I am NOT an expert or a PMP. I will say this:
At least one study from a few years back suggests Gentrol may have both positive and negative outcomes. I think the jury is still out on that one. I would not panic if a PCO uses it but I also would not complain if they don't.
Although your PMP is talking about a "direct hit" (which makes me think of contact killer sprays), he then mentions some pesticides like Bedlam which do have residuals. Three treatments two weeks apart is a good plan to start with and it sounds like they are trying to find and kill bed bugs directly, which -- if true -- is a good sign.
As for bagging, opinions from PCOs on this vary to an extraordinary degree (this FAQ outlines some variations and the possible reasoning behind them).
If I am reading you correctly, your PCO wants you to bag things that have not been treated to remove bed bugs, but says they only need to be bagged while he's actually spraying/dusting/etc. (i.e. on the day of treatment).
Is that right?
If so, I would guess he wants the stuff out of the way so he can easily access all areas of the home. Allowing you to remove stuff from bags between treatments -- if indeed that's what he's suggesting -- might give bed bugs a chance to come out, cross poison and die, whereas leaving them bagged the entire time until all treatments are done could simply keep them alive until you unpack the bags, post treatment.
Again, I may be misreading the protocol you've been given, and of course asking them would be the best idea.
If you bag items in an airtight manner which have been treated to kill all bed bugs (Packtite, dryer, etc.) then I would NOT unpack these, since they should be free of bed bugs and eggs. I am assuming the PCO agrees.
Finally, if the PCO did a good job for your friend, I would not worry too much. They seem to want to find and kill bed bugs directly and that in itself is a good sign.
You will get bitten as long as there are bed bugs in your home, and in most cases one treatment is not enough. I would not lose heart. If that bed bug bit you, with any luck it may have been its last meal.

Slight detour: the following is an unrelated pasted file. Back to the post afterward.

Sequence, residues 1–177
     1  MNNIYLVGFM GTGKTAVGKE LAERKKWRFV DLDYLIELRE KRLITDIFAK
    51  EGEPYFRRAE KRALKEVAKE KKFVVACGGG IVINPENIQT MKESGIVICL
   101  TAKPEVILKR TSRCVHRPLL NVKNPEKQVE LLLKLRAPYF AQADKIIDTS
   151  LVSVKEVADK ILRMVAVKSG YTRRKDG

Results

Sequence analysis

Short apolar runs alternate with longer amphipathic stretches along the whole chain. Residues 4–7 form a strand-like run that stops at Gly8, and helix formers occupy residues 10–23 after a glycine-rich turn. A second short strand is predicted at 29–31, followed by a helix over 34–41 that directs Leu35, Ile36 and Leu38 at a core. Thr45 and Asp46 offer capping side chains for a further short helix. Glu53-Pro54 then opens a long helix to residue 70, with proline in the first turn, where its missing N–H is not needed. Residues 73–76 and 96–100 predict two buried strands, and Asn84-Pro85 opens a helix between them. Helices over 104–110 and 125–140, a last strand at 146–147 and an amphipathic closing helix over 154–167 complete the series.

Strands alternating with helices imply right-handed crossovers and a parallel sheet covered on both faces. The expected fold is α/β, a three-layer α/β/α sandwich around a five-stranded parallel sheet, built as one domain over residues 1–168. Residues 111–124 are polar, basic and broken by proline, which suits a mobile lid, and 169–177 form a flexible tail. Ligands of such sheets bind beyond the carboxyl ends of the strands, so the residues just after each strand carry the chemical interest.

Thanks so much for your response, Nobugs. I tried to reply last night, but was so delerious I couldn't type. Thanks for that information on Gentrol. I was unaware of that research. I truly wish there was some clearinghouse so that pros and laypeople alike could access a credible source for information. This is as close as I have found in terms of such a thing. As for the protocol, after speaking to three people at the pco office, what they want is for you to (dry, nuvan strip, pack-tite, whatever) every article of clothing you own, and seal and bag them until the treatment is done. Although the pesticide "expert" said that I could put the things back in between treatments, he did not say it was so the bugs could come into contact with poison and die. In fact, it was his incredible equivocation about the residual effect of the chemicals they used that really pushed me over the edge. What you said is what I understood from my voracious research - that if you leave the bags open, the bugs will be able to come out to feed, cross poison and die. But he was so underwhelmed by the pesticides' residual efficacy, he led me to doubt that this was true. However, he also stated that everything must be bagged and out of the way for each and every treatment, because they must have full and unfettered access to every inch of my place in order to do a thorough treatment. I don't believe they actually "look" for bugs and try to kill them where they live. From what he said, it sounds like they treat every surface where a bug could possibly be, or have been shown to be when the dog went through (although I am cognizant that was a snapshot in time, and they may have moved from those areas). I guess its along the lines of a "scorched earth" policy. What I am most stressed about, and what is keeping me up at night even more than being bitten, is the possibility that these horrific creatures will find their way up to my landlord's home. I've explained this in another thread, so I won't go into detail here, but I live in a one family home that was converted to have a one bedroom apartment on the first floor, and the landlord and his family live on the second and third floor. I know I brought them here, and I took responsibility for taking care of it. I absolutely would have had his place treated, were it necessary, but there were no dog alerts after 4 times, and his wife refused to have any more inspections done. So now with this reinfestation, I am only able to treat my place, and live in absolute fear his babies will be harmed by these hideous little vampires. And the pco did rid my friend of every last bb, but my friend had a one family home (albeit a huge one) and the pco treated literally every area where a bb might be - they have like 7 dogs, so this was actually a good plan. I'm just afraid they will be less effective here, where only my place is being treated. In any case, I actually called in sick to work today, because I literally could not attend to the task at hand worried that I had so much drying/pack-titing/nuvan-stripping to do...Anyway, I apologize again for my incessant whining, but this issue has literally affected me physically. My hair is literally falling out and I've gained probably 25 - 30 lbs since this all started in April, and my bp is through the roof. Combined with the lack of sleep, well, this is a dangerous combination. I just want to be normal again, although as many here have said, after this I know I never will be. But thank you for this place, which I have appreciated so much throughout this nightmare. My friends who have not dealt with this issue (yet - sadly) cannot comprehend my level of fear and anxiety, and often accuse me of overreaction and melodrama. Without this outlet I and a multitude of others would be far worse off, and forced to suffer in virtual isolation.